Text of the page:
The container ship sector may be pretty rough next year as new supply continues to enter the market, shipowners say.

Because owners engaged in an ordering frenzy during the pandemic-driven boom years of 2021 and 2022, the boxship orderbook has swollen to 26.6% of the global fleet and is set to be delivered by the end of 2025, Euroseas chief executive Aristides Pittas pointed out.

“Therefore, 2024 will probably be quite a difficult year,” he said on Thursday during an earnings call with analysts.

“Market conditions will remain challenging as [charter] rates may decline even further towards the lowest point of the cycle due to the second consecutive year of substantial fleet expansion.”

Controlling overcapacity and vessel speed may ease downward pressure on the market, he said, but inflation and geopolitical strife in Ukraine and the Middle East are causing enough macro uncertainty to prevent the sector from rising.

“Slower speeds are expected to play a key role going forward in absorbing some of the excess tonnage,” Pittas said.

“Economic developments amidst the two wars remain very uncertain.”

Clarksons Research’s assessment of average container ship earnings has fallen to nearly $17,400 per day on Friday, from more than $24,400 per day at the beginning of the year.

The Freightos Baltic Index for spot container freight has fallen by 20% since the end of August to just over 1,000 points on Thursday.

The index has improved since July, but is 80% below its peak in January 2022 to meet its pre-Covid 10-year average, according to Pittas.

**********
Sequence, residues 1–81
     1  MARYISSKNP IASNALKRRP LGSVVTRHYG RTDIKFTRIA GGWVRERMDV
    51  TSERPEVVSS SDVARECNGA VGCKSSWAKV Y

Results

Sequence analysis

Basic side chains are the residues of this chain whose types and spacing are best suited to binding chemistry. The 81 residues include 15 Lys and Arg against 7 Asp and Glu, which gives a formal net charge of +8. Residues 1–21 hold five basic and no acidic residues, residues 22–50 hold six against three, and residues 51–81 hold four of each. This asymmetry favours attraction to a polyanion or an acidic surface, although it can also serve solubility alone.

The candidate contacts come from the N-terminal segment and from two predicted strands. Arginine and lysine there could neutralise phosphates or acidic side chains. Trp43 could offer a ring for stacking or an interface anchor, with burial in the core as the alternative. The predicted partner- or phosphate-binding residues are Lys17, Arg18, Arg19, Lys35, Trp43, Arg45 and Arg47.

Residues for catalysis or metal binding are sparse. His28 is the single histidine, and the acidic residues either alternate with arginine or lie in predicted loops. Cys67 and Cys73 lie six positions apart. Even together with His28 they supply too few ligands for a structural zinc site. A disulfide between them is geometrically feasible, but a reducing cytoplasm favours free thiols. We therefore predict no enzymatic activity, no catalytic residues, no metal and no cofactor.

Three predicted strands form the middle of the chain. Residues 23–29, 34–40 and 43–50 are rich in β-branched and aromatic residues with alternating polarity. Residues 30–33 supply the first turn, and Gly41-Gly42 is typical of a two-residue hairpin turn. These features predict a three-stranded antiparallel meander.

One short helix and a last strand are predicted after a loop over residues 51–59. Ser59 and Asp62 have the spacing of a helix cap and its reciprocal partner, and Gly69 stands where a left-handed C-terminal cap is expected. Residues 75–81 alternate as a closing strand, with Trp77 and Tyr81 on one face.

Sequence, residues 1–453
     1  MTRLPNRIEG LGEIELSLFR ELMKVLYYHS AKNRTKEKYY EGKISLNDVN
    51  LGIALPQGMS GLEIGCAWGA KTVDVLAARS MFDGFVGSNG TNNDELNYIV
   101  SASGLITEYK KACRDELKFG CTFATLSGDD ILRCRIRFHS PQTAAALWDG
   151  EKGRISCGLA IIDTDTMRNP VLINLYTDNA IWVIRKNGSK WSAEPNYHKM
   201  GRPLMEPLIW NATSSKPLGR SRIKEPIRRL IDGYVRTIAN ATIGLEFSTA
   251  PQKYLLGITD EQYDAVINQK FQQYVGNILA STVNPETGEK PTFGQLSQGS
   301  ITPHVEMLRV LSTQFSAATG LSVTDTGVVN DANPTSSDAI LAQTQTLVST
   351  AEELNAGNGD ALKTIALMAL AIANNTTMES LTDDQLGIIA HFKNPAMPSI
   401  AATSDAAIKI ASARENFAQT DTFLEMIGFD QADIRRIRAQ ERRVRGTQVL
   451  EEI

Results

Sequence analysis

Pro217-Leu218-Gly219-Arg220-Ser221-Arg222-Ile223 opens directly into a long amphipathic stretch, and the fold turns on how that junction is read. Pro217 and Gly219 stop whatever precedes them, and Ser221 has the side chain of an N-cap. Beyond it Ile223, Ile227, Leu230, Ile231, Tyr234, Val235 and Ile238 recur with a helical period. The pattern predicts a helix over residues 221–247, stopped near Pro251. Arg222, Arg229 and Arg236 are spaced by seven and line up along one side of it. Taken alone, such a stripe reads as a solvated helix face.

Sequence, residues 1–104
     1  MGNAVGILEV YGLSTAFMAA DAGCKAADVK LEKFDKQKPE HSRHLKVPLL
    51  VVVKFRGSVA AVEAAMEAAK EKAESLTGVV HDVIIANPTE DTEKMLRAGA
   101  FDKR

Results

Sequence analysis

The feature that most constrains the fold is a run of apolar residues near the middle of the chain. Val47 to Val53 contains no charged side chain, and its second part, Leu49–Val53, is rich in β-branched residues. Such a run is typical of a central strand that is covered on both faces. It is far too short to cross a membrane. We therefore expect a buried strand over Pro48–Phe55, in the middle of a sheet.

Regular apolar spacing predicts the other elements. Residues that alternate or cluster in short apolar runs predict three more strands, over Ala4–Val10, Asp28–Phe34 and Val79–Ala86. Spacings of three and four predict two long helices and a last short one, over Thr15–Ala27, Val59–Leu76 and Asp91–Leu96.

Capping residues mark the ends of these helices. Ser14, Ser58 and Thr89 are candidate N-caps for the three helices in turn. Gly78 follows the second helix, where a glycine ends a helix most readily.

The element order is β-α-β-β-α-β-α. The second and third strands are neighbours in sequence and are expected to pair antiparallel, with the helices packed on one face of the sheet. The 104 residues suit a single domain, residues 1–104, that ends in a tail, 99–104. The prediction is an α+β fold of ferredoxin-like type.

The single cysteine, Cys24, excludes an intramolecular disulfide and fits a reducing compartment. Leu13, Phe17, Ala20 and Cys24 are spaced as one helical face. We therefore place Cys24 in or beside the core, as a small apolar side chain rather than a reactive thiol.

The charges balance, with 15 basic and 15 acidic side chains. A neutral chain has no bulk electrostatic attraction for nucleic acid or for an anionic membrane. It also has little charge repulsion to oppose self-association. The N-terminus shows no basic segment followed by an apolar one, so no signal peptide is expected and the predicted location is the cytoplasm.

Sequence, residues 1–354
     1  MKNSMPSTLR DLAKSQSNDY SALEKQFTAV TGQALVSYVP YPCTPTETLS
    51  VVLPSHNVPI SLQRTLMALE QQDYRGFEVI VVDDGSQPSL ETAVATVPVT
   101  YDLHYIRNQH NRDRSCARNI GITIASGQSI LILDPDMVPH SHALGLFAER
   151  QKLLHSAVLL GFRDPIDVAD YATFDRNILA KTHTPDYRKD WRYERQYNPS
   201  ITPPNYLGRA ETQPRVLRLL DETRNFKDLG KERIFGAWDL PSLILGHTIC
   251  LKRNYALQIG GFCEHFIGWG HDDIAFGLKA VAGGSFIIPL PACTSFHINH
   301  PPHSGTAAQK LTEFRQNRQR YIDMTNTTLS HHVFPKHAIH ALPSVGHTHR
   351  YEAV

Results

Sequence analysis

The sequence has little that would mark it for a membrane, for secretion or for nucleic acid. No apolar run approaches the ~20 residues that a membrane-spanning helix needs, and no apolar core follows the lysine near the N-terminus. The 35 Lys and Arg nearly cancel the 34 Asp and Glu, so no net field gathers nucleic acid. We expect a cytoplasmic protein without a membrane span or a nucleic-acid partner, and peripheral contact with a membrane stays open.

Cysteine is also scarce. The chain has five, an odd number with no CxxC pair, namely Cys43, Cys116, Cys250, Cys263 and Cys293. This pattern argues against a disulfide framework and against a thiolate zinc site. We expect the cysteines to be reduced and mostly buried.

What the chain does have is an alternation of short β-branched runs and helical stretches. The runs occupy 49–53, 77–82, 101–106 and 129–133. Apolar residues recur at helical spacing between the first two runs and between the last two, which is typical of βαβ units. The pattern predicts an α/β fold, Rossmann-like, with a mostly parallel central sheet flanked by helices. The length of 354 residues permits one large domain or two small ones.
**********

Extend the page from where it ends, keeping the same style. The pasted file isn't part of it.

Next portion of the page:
“Despite our expectations for the poorer market next year … we believe that we are largely insulated from developments in the charter market during 2024 due to our contracted revenue backlog of more than $400m, which we have developed during 2021 and 2022,” he said.

A double whammy of macroeconomic and geopolitical uncertainty and seasonality may also hurt next year’s market, said Tom Lister, chief commercial officer at New York-listed owner Global Ship Lease (GSL).

“Macro uncertainty continues to exert downward pressure on market sentiment and the liners are providing cautious guidance, though they do so with significantly fortified balances,” he said in a conference call with investors.

Executive chairman George Youroukos said GSL was able to weather a down market in the third quarter by quickly finding new charters for its ships, but the market might not be as prosperous in 2024 as a result of the challenges.

“Market rates are softening and the charter durations available have shortened considerably, especially for smaller ships,” he said.